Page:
animals and (many) small strips of land. Recently a pilot project “landscape
         funds” was established. These funds compensate farmers loss of income for
         activities that contribute directly to the improvement and conservation of unique
         landscape characteristics. A major uncertainty for the project is whether it fits
         the European regulation for subsidies.”14


12
  Idem, Page 3
13
   National Report of Switzerland on Environmental Services and Financing for the Protection and
Sustainable use of Water-related Ecosystems. Seminar on environmental Services and Financing for the
protection and sustainable use of ecosystems, Geneva, 10-11 October 2005, Page 3
14
   Some Issues and Examples of Environmental Services and Financing for the Protection and
Sustainable Use of Water-related Ecosystems in The Netherlands, A contribution of the Ministry of
Agriculture, Nature and Food Quality. Seminar on environmental Services and Financing for the
protection and sustainable use of ecosystems, Geneva, 10-11 October 2005, Page 3



Cinthia Soto Golcher- Thesis on Payment of Environmental Services                                   18
        Comments: In this case, the scenery beauty is how the agricultural activities
        constitute a landscape of interest to tourists. However, there are concerns of the
        same Dutch Government wheter this “landscape fund” is a subsidy or not.

Other examples

One European country pays farmers who live in the mountain for cutting bushes during
Winter so that snow does not get accumulated and cause an avalanche. They consider
that as an “environmental service”.

Comment: This is a service provided by human beings, which can prevent a disaster and
the loss of human life, nature and infrastructure.

        5.3 Difficulties and why some countries feel threatened

In the past two years, as innovative financing mechanisms are evolving in many
countries for the protection, conservation and improvement of ecosystems, when it
comes to international negotiations and the inclusion of reference as PES, which for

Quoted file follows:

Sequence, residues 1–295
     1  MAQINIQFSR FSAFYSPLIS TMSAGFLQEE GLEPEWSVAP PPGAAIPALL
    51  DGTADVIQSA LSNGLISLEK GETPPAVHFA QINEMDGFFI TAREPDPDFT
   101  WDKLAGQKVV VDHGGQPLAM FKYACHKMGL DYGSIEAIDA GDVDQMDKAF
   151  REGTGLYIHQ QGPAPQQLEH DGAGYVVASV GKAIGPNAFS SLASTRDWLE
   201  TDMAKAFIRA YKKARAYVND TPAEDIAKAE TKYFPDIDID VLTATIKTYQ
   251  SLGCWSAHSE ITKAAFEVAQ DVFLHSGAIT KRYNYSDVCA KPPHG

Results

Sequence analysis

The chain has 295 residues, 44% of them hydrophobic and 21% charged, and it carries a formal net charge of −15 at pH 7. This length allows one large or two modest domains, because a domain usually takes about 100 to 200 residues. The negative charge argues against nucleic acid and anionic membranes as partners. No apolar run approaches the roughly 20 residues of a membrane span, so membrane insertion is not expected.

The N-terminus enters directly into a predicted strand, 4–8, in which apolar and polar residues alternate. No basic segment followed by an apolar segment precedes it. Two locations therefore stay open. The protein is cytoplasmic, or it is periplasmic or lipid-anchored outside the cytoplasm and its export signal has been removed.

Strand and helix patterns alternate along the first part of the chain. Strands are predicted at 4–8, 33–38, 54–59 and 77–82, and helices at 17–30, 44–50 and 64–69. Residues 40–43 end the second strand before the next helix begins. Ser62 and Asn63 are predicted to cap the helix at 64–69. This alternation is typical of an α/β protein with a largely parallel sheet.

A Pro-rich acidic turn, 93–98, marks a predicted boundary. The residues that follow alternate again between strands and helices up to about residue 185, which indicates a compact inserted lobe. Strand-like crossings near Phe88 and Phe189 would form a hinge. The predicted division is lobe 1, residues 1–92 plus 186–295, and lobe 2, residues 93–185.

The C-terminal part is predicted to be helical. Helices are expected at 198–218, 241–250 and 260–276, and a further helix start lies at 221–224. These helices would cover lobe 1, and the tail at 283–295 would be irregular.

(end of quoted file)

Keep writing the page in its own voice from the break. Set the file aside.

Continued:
some countries it has been a key factor in the achievement of their environmental goals
and poverty reduction strategies, some other group of countries have strongly opposed
to any reference to PES. Some language has been agreed to reach consensus, but every
time opposition from Parties is present.

Some of the reasons for some countries to oppose have been:

        a. Millions of inhabitants. Some argue that they have millions of people, some
           of them living in important ecosystems. If people start requesting for
           payment for the services provided by the ecosystems they live in, the
           Government will have no resources to satisfy those requests.

        b. Transboundary water courses. Because of transboundary water courses,
           downstream countries are concerned that upperstream countries start
           charging them for any measure they take to improve quality of the water
           running in the basin, particularly if it has to do with an ecosystem service,
           leaving the valuation at the discresion of the upperstream country.

        c. Poverty. They say they are a poor country and cannot afford to pay people
           for such a service.

        d. Transboundary air pollution. Due to burning of crops and forests, to
           enhance agricultural land for next season, and the consequent air pollution
           affecting them and neighboring countries, these countries are concerned
           neighboring countries will demand from them some payment for affecting
           their ecosystems, health, etc.

        e. Profit from natural forests. For this country, profiting from natural forests
           is something abusive and capitalist. Forests are there to benefit all their
           inhabitants, rich and poor, and charging for the services they provide is a
           very good example of social injustice and is unacceptable.



Cinthia Soto Golcher- Thesis on Payment of Environmental Services                      19
        f. WTO negotiations. One country has argued that we cannot decide anything
           related to PES since WTO is still discussing the issue of environmental
           services, and has not been able still to come to an agreed definition.

        g. Hidden agricultural subsidies. As agricultural subsidies have to be phased
           out under World Trade Organization (WTO) agreements, some developing